Early ice season pike can be found in shallow, weedy bays. The nice, lush weed beds of summer will be dying off and will have dropped to lower levels and thickness, but will still have pike cruising in the area. When you are out in your boat, enjoying the summer sun and fishing season, make a note of where you find thick weed beds. If the water is clear, a peek down your ice fishing hole may let you see if there are any weeds down below. Cabbage weeds, Milfoil and Coontail all provide the necessary cover for pike to forage for prey. Similarly, the smaller fish they feed on will be trying to hide from the foraging pike in the same weeds. Remember, pike feed by ambushing their prey, they need the cover of weed beds or structure to hide in.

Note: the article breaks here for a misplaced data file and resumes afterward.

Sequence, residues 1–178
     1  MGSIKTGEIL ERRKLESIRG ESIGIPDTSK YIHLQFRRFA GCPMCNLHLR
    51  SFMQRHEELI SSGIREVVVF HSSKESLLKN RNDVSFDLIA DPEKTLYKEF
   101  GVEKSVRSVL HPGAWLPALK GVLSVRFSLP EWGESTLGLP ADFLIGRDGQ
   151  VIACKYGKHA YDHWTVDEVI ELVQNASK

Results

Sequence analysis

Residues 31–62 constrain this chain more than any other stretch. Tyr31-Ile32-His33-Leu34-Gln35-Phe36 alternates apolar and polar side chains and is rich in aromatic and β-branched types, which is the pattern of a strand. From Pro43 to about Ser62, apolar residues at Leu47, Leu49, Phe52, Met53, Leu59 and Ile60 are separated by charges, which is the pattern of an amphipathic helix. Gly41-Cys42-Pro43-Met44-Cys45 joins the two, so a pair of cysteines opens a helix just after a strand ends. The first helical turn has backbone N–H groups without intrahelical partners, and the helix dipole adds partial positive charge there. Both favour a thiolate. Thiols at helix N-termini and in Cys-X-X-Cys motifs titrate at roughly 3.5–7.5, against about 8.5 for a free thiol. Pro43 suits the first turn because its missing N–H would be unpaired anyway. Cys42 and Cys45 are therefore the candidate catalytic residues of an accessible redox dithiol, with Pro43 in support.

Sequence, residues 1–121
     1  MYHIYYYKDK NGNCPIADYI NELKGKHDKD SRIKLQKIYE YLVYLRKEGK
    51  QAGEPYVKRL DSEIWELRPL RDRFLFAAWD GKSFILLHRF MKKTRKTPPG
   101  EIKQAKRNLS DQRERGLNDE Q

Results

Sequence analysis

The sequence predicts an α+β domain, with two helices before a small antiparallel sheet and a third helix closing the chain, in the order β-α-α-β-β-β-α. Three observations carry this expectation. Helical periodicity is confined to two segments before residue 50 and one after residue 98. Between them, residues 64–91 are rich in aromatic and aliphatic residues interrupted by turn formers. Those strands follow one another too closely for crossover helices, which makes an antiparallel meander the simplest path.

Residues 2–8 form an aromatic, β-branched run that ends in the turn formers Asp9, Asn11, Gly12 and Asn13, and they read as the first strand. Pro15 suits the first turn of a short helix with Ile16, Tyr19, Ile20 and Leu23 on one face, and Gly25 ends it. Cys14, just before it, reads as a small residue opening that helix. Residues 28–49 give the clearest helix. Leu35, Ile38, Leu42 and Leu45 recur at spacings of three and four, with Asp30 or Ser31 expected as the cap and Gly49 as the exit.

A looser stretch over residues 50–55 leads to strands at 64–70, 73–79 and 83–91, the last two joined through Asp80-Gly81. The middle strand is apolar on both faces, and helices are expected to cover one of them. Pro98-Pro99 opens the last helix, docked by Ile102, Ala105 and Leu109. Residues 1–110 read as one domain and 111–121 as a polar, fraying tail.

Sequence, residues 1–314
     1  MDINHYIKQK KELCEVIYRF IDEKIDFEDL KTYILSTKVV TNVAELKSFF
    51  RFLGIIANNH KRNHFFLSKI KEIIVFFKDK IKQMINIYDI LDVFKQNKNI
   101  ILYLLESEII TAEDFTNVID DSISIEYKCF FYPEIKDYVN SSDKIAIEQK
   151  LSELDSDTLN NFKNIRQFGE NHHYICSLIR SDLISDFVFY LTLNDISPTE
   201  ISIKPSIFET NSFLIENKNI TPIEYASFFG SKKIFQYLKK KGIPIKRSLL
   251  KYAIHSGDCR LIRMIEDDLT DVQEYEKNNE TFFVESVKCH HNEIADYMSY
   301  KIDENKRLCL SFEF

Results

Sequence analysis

“A common mistake many pike anglers make is to assume the weed beds will have died off completely in the winter,” says tournament angler Kevin Laframboise. “There still may be enough weeds to give the pike the cover they need.”
Early winter pike fishing is much like early spring, the pike will be in the shallows. A river or stream inlet into a weedy bay is my favourite starting point when searching out big Northerns. The river or stream inlet will have abundant plant life and bait fish for the pike to prey upon. If there is some flowing water, the area around the inlet should have a high level of oxygen; just the thing fish and plants need at this tough time of year. Try and keep the minimum water depth you fish around eight to 10 feet, any less and you are probably wasting your time.